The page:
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Title: Gamma-ray bounds from EAS detectors and heavy decaying dark matter constraints

Abstract

The very high energy Galactic γ-ray sky is partially opaque in the (0.1–10) PeV energy range. In the light of the recently detected high energy neutrino flux by IceCube, a comparable very high energy γ-ray flux is expected in any scenario with a sizable Galactic contribution to the neutrino flux. Here we elaborate on the peculiar energy and anisotropy features imposed upon these very high energy γ-rays by the absorption on the cosmic microwave background photons and Galactic interstellar light. As a notable application of our considerations, we study the prospects of probing the PeV-scale decaying DM scenario, proposed as a possible source of IceCube neutrinos, by extensive air shower (EAS) cosmic ray experiments. In particular, we show that anisotropy measurements at EAS experiments are already sensitive to τ{sub DM}∼O(10{sup 27}) s and future measurements, using better gamma/hadron separation, can improve the limit significantly.

Authors:
 [1];  [2]
  1. INFN, Laboratori Nazionali del Gran Sasso,Assergi, AQ (Italy)
  2. LAPTh, Univ. de Savoie Mont Blanc, CNRS,B.P. 110, Annecy-le-Vieux, F-74941 (France)
Publication Date:
Sponsoring Org.:
SCOAP3, CERN, Geneva (Switzerland)
OSTI Identifier:
22458390
Resource Type:
Journal Article
Resource Relation:
Journal Name: Journal of Cosmology and Astroparticle Physics; Journal Volume: 2015; Journal Issue: 10; Other Information: PUBLISHER-ID: JCAP10(2015)014; OAI: oai:repo.scoap3.org:12157; Article funded by SCOAP3. Content from this work may be used under the terms of the Creative Commons Attribution 3.0 License. Any further distribution of this work must maintain attribution to the author(s) and the title of the work, journal citation and DOI.; Country of input: International Atomic Energy Agency (IAEA)
Country of Publication:
United States
Language:
English
Subject:
72 PHYSICS OF ELEMENTARY PARTICLES AND FIELDS; ABSORPTION; ANISOTROPY; DECAY; EXTENSIVE AIR SHOWERS; GAMMA RADIATION; HADRONS; LIMITING VALUES; NEUTRINOS; NONLUMINOUS MATTER; PEV RANGE; PHOTONS; RELICT RADIATION; VISIBLE RADIATION

Citation Formats

Esmaili, Arman, and Serpico, Pasquale Dario. Gamma-ray bounds from EAS detectors and heavy decaying dark matter constraints. United States: N. p., 2015. Web. doi:10.1088/1475-7516/2015/10/014.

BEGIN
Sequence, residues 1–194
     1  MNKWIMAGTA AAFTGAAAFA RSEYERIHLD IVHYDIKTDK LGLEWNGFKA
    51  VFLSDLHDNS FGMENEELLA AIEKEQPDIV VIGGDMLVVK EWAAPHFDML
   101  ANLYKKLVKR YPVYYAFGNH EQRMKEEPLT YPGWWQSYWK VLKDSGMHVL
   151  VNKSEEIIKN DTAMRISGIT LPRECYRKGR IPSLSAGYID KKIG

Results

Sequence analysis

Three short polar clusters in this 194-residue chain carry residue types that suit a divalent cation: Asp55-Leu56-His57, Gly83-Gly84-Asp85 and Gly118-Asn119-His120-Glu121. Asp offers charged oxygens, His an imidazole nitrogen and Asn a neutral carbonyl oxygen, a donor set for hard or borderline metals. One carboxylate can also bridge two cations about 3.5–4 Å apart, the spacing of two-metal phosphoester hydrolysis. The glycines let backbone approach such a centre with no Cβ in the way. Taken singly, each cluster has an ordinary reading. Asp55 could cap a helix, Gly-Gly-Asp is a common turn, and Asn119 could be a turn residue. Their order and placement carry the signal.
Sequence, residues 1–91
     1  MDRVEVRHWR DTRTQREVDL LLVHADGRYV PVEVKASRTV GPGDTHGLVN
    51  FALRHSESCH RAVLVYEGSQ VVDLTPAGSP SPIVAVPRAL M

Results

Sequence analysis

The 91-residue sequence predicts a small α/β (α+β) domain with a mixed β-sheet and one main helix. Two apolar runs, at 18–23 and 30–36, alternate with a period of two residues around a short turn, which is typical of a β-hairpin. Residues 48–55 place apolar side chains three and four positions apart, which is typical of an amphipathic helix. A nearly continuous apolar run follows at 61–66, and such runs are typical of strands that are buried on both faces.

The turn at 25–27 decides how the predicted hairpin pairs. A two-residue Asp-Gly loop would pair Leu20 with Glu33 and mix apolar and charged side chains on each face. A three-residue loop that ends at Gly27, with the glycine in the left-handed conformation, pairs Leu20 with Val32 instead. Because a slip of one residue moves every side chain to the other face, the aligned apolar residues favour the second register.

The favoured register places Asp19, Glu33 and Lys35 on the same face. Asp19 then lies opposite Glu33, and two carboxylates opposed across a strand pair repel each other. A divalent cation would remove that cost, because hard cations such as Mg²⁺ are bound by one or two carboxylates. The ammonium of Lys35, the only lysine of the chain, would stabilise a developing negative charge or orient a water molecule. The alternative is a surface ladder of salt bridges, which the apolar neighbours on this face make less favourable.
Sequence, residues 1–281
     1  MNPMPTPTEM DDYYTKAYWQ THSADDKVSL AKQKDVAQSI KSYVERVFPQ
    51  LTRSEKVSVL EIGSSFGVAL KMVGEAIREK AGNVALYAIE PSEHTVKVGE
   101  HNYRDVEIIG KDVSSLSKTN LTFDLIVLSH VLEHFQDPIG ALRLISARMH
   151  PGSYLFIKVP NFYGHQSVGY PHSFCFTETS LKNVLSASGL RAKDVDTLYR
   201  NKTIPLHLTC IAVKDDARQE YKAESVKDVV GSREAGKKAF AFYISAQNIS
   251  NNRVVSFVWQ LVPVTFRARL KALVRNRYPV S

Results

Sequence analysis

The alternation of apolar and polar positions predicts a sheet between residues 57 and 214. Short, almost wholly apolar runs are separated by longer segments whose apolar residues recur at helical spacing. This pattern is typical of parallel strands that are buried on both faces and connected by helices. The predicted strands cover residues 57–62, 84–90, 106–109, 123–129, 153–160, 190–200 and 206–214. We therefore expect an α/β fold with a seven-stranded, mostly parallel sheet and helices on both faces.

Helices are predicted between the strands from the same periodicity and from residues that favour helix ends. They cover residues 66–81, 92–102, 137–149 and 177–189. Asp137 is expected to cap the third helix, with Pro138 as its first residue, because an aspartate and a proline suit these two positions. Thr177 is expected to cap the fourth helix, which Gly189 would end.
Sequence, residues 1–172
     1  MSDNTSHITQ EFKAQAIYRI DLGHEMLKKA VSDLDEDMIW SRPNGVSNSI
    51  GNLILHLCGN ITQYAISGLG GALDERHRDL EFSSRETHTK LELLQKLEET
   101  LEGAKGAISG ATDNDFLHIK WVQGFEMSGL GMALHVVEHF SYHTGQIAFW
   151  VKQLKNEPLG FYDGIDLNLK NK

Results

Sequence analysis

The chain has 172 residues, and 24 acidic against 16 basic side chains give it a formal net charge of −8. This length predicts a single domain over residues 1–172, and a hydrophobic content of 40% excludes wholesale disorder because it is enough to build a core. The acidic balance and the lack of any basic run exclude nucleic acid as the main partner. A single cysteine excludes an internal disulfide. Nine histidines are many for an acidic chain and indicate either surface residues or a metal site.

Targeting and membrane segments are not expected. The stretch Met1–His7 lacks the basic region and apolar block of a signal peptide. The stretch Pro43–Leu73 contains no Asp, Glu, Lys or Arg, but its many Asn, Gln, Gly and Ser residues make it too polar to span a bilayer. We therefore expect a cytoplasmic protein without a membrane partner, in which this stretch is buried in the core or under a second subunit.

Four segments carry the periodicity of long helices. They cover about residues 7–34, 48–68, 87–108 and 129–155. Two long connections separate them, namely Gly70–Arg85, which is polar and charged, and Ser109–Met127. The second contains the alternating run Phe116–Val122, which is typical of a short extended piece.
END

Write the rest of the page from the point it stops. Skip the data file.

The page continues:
Esmaili, Arman, & Serpico, Pasquale Dario. Gamma-ray bounds from EAS detectors and heavy decaying dark matter constraints. United States. doi:10.1088/1475-7516/2015/10/014.
Esmaili, Arman, and Serpico, Pasquale Dario. 2015. "Gamma-ray bounds from EAS detectors and heavy decaying dark matter constraints". United States. doi:10.1088/1475-7516/2015/10/014.
@article{osti_22458390,
title = {Gamma-ray bounds from EAS detectors and heavy decaying dark matter constraints},
author = {Esmaili, Arman and Serpico, Pasquale Dario},
abstractNote = {The very high energy Galactic γ-ray sky is partially opaque in the (0.1–10) PeV energy range. In the light of the recently detected high energy neutrino flux by IceCube, a comparable very high energy γ-ray flux is expected in any scenario with a sizable Galactic contribution to the neutrino flux. Here we elaborate on the peculiar energy and anisotropy features imposed upon these very high energy γ-rays by the absorption on the cosmic microwave background photons and Galactic interstellar light. As a notable application of our considerations, we study the prospects of probing the PeV-scale decaying DM scenario, proposed as a possible source of IceCube neutrinos, by extensive air shower (EAS) cosmic ray experiments. In particular, we show that anisotropy measurements at EAS experiments are already sensitive to τ{sub DM}∼O(10{sup 27}) s and future measurements, using better gamma/hadron separation, can improve the limit significantly.},
doi = {10.1088/1475-7516/2015/10/014},
journal = {Journal of Cosmology and Astroparticle Physics},
number = 10,
volume = 2015,
place = {United States},
year = 2015,
month =
}